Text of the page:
I neglected to mention it last week, but we have now passed the 18,000-page mark in this Great Books Project. Onward!
Here are the readings for the coming week:
- The History of Don Quixote de la Mancha by Miguel de Cervantes, Part II, Chapters 22-32 (GBWW Vol. 27, pp. 321-364)
- “Of the Custom of Wearing Clothes” by Michel de Montaigne (GBWW Vol. 23, pp. 153-155)
- The History of Animals by Aristotle, Book V (GBWW Vol. 8, pp. 65-85)
- The Decline and Fall of the Roman Empire by Edward Gibbon, Chapters 3-5 (GBWW Vol. 37, pp. 24-51)
- Elements of Chemistry by Antoine Lavoisier, Part II, Sections 14-44 (GBWW Vol. 42, pp. 68-86)
- Beyond Good and Evil by Friedrich Nietzsche, Part VI (GBWW Vol. 43, pp. 503-511)
I hope you’re enjoying these authors, because it looks like we’ll be staying with all six of them for at least another week or two.
Here are some observations from last week’s readings:
- The History of Don Quixote de la Mancha by Miguel de Cervantes, Part II, Chapters 11-21: Sampson Carrasco gets his comeuppance quite satisfactorily in these chapters after all his condescension and deceptions. Then we move on into another curious section where two young lovers are kept apart by circumstance but ultimately reunited through a clever stratagem. Basilio’s fake suicide no doubt would be considered out of order and emotional blackmail today, but in the 17th century, it’s all good.
- “Of a Lack in Our Administrations” by Michel de Montaigne: Here Montaigne longs for the internet, although he doesn’t quite realize it. He just wishes for an efficient way to for strangers to find each other with relevant information or goods to satisfy the double coincidence of wants.
- The History of Animals by Aristotle, Book IV: Aristotle devotes the book to “non-blooded” animals, including crustaceans and other sea creatures as well as insects. I couldn’t help but be surprised at the detail with which he describes their anatomy, particularly their sense organs. Aristotle really was a scientist. What could he have done with modern tools of measurement?
- The Decline and Fall of the Roman Empire by Edward Gibbon, Chapters 1-2: These chapters are devoted to explaining how wonderful the Roman Empire of the second century was. Much of it was admittedly tedious recitations of borders, prominent cities, etc. I couldn’t help but be impressed at Gibbon’s description of the Roman soldier’s training regimen. The metaphor of Romans-as-pygmies at the end of Chapter Two was a bit jarring.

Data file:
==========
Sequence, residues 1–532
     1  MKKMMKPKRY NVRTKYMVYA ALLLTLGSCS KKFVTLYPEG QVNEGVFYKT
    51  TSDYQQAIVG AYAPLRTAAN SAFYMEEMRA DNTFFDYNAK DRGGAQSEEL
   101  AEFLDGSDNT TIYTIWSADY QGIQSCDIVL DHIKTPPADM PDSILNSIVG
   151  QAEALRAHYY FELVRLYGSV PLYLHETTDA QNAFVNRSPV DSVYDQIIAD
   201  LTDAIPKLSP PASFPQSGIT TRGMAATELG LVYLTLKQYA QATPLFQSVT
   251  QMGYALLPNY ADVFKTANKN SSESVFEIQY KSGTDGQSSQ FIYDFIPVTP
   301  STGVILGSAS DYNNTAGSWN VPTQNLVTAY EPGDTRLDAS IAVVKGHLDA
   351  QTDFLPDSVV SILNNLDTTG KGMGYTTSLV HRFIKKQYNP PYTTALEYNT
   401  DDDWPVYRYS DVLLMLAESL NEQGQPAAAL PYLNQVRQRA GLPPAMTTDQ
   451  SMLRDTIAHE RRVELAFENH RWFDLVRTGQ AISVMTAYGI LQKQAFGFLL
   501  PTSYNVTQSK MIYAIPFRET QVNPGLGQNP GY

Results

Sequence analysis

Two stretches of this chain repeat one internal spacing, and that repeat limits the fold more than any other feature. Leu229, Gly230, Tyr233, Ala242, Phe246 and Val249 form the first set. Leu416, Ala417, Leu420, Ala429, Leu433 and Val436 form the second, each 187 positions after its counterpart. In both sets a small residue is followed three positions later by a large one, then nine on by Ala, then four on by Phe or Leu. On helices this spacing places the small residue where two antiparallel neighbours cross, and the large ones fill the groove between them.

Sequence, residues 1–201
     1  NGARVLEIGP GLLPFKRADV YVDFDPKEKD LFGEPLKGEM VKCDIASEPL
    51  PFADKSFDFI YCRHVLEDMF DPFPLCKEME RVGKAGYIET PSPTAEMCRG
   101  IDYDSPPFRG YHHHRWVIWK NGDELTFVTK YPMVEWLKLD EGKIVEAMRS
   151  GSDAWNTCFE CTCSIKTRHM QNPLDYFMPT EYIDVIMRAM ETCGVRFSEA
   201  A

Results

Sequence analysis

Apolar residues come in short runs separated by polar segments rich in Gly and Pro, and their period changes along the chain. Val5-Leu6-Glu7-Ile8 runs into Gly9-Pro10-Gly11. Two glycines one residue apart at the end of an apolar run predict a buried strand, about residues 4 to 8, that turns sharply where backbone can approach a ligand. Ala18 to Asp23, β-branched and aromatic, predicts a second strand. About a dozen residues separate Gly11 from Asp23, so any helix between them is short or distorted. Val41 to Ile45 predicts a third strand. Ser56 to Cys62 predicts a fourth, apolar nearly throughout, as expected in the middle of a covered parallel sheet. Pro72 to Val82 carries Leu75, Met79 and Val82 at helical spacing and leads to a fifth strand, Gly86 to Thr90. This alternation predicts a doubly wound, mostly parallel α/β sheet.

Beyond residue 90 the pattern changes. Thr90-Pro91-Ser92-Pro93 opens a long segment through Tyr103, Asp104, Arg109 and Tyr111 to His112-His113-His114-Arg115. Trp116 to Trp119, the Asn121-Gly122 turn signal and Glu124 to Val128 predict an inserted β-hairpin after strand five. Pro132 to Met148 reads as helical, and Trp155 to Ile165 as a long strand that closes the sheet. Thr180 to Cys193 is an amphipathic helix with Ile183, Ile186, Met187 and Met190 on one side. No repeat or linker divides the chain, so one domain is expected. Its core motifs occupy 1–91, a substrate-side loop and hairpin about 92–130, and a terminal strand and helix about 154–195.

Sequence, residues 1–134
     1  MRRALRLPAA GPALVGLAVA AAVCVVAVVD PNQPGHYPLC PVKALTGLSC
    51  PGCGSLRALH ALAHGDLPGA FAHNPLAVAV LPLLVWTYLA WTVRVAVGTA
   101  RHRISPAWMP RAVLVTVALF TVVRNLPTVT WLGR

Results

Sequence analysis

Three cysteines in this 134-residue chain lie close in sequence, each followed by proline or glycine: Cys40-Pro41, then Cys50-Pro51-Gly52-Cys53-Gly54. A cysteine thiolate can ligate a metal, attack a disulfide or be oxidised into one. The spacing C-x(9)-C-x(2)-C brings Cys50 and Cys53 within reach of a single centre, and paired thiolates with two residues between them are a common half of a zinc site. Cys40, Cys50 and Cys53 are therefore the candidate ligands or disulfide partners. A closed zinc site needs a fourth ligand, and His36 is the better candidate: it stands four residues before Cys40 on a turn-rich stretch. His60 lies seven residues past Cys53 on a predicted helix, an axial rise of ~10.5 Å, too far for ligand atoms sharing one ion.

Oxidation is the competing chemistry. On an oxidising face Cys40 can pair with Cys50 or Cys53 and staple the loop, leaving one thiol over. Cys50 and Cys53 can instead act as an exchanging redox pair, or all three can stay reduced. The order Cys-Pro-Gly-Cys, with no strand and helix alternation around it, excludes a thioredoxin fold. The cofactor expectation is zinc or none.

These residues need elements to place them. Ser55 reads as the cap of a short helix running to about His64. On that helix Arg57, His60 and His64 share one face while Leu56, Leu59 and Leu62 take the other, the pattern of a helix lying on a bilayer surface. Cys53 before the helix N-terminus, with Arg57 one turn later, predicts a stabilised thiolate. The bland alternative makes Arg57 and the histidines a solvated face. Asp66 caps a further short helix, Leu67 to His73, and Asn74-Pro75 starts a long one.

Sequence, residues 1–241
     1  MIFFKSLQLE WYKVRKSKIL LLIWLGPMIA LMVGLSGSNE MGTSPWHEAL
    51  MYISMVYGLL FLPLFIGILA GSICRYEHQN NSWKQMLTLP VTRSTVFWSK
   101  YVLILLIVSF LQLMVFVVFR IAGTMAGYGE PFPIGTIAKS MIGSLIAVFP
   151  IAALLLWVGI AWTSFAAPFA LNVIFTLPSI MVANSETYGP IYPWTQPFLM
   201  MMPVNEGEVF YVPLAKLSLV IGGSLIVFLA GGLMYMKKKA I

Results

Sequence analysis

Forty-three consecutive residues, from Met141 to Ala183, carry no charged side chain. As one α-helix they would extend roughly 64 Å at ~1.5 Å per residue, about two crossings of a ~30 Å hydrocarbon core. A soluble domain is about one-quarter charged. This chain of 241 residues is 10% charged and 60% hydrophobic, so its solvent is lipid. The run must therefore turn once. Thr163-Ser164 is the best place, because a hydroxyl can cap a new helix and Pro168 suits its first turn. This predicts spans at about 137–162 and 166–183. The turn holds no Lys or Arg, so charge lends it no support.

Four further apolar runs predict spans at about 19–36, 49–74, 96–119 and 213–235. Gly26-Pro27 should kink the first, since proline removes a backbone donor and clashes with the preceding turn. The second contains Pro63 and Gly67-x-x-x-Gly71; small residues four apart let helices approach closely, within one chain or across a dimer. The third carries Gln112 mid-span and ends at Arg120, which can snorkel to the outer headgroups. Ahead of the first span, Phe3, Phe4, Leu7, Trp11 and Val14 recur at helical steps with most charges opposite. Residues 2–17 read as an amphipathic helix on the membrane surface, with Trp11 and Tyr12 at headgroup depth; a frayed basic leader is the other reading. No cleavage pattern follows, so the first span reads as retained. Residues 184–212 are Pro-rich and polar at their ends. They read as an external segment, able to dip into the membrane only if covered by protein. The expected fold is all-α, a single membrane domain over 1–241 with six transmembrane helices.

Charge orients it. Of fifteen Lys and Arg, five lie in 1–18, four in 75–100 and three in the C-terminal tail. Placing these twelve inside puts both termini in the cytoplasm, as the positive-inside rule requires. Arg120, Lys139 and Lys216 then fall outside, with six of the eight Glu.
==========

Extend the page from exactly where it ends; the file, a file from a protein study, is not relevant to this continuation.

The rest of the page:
- Elements of Chemistry by Antoine Lavoisier, Part II, Sections 1-13: These sections contain lots of tables that Lavoisier admits he cribbed largely from other reference works. They list what compounds result from the combination of oxygen, sulfur, hydrogen, and “azote” (nitrogen?) with various substances. Lavoisier provides a little commentary on these tables, but nothing eye-popping.
- Beyond Good and Evil by Friedrich Nietzsche, Parts IV-V: Part IV consists of several pages of pithy maxims, e.g. “A people is a detour of nature to get to six or seven great men.—Yes: and then to get around them.” Some of them are the sort of thing I’d expect to see from the pen of the late Christopher Hitchens, although Nietzsche’s are better. Part V, “On the Natural History of Morals,” attacks Socrates and the Hebraic tradition, the two major roots of Western morality. Nietzsche sums up his assessment with this: “Morality is in Europe today herd-animal morality.”
I’ve run into more delays this week, and once again am running behind schedule. The good news is I have a few weeks here at home to regroup before our next trip, and I hope to make up lost ground over the next couple of weeks.